Unfortunately, that rubber handle is not welcome during rides. At best, it looks weird if it’s not lined up with your frame. At worst, it hits your frame or your legs and annoys the crap out of you! (You can easily remove it for bike rides, though, and slip it back on for backpacking trips.)

nalgene draft water bottle textured grip area

One neat feature I hadn’t even noticed until I was riding is the grippy textured strip near the top of the bottle. This helps you to get a secure hold on the bottle, even when it’s slippery from condensation.

There were no leaks, and the nozzle worked as designed. However, the valve is a bit strange. When you squeeze, the water comes out in an unpredictable spray pattern, rather than a stream. It kind of tickles your tongue!

Of course, the biggest disappointment is when I went riding on a hot summer afternoon. I had filled the bottles with ice, yet 30 minutes into my ride, I had two bottles of lukewarm water. (And that reminded me why I only buy insulated water bottles!)

Why choose the Nalgene Draft over other bottles?

With a retail price of $10.99 (or $9.99 on Amazon.com), the Draft is priced similarly to other bottles, but doesn’t offer anything to really set it apart. Unless you’re a die hard Nalgene fan following @nalgenesoftheworld on Instagram, I’m not sure why’d you choose this bottle.

Color choices include natural (clear), green, purple, and berry – maybe one perfectly matches your bicycle?

One thing I will applaud this bottle for, at least so far, is that the plastic does not hold onto scents or flavors. I’ve actually carried my cold brew iced coffee in one of these, and you’d never know it. (There are bottles out there that once you carry coffee, tea, or sports drink in them, that scent doesn’t go away!)

Why not this bottle?

First of all, it’s not insulated – that’s a big factor for many people. I know I appreciate cold water on a hot day.

If you don’t need insulation, you can get a Camelbak Podium for $9 (21 oz) or $10 (24 oz). If you think insulated bottles are too expensive, they’re not much more – you could get a Camelbak Podium Chill – which is insulated – for only $13.

So the Nalgene Draft is neither the best value nor the lowest price.

I should also point out that while the bottle is made in the USA, the cap is from China. If you’re looking for a US-made product, you might want to stick to Polar.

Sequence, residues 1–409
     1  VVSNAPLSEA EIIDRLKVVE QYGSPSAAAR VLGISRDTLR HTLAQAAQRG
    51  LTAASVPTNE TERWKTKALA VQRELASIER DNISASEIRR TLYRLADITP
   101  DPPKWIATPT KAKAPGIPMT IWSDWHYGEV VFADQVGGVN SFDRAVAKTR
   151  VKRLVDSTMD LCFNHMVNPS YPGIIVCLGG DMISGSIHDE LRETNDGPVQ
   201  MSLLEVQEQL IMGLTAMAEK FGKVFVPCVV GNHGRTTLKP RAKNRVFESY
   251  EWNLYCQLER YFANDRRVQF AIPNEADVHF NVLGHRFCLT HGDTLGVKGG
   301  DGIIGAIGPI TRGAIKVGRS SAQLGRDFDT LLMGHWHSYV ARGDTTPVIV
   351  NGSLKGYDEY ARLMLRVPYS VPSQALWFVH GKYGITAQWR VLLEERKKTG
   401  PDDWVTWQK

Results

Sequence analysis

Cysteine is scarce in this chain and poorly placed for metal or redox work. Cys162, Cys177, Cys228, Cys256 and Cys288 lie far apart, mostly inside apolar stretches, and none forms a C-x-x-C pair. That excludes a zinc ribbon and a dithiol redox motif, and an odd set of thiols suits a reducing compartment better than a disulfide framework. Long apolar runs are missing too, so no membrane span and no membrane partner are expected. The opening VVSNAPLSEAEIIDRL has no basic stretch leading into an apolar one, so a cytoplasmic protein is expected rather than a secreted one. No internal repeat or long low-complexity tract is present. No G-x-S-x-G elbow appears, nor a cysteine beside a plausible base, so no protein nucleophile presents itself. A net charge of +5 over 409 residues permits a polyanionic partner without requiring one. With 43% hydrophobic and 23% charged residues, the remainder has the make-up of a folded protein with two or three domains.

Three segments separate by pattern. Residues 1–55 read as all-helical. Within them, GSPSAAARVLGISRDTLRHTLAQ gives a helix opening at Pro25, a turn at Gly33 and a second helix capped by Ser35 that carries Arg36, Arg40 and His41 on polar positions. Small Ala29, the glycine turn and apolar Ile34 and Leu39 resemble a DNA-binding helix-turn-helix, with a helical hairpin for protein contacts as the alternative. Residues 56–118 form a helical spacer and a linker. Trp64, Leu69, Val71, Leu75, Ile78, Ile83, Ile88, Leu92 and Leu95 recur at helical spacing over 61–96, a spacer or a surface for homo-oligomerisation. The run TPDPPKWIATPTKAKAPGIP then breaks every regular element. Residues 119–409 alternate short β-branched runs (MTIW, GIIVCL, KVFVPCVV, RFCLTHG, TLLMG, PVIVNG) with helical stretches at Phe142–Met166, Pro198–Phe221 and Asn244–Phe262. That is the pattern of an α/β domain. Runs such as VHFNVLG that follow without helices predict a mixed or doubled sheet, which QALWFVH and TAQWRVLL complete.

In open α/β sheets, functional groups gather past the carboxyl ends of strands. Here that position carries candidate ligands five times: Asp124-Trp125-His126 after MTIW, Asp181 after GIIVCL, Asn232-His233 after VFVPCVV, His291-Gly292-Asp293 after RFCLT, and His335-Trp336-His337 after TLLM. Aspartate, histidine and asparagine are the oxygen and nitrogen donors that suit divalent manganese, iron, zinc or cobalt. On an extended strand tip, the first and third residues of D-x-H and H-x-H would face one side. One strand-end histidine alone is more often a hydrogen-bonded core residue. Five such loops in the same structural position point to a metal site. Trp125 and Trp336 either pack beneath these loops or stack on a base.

Speaking of which, why didn’t Nalgene just license caps from Polar? If Nalgene and Polar had worked together – Nalgene making a nice bottle and a nice pull tab, and Polar making the awesome Zipstream cap/valve – you’d have a great bottle. And it would be entirely made in the USA!

My final verdict is…

When it comes to cycling, there’s really nothing better than the Camelbak Podium Ice water bottle. But if you don’t want to fork over $25 for one bottle, you could grab either a Camelbak Podium Chill or one of the second-generation Specialized Big Mouth water bottles. Those are great bottles at fair prices.

This Nalgene Draft bottle is pretty cool, and not a bad first attempt at a cycling-specific water bottle, but it can’t compete with the current bottles on the market. Unless you’re a die-hard Nalgene fan, I’d pass on this bottle.

Official website: www.Nalgene.com

Buy online: www.Amazon.com

Product Review Details
Company: Nalgene
Product: Nalgene Draft Soft-Squeeze Water Bottle
Reviewed by: Coach Levi
My Rating: 3.5 out of 5
Date last updated: 2017-10-26
Obtained Product: Free sample from company.
CoachLevi.com Advertiser: No.

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  1. Does the bottle leach any plastic flavor?

    • @Leigh

      No! Not that I know of.

      I always wash my bottles with baking soda and vinegar initially to get rid of potential plastic smell or flavor, and I did that here. But since then, I haven’t noticed any plastic flavor leaching into my water. And I’ve let water sit in the bottle for days at a time without issue!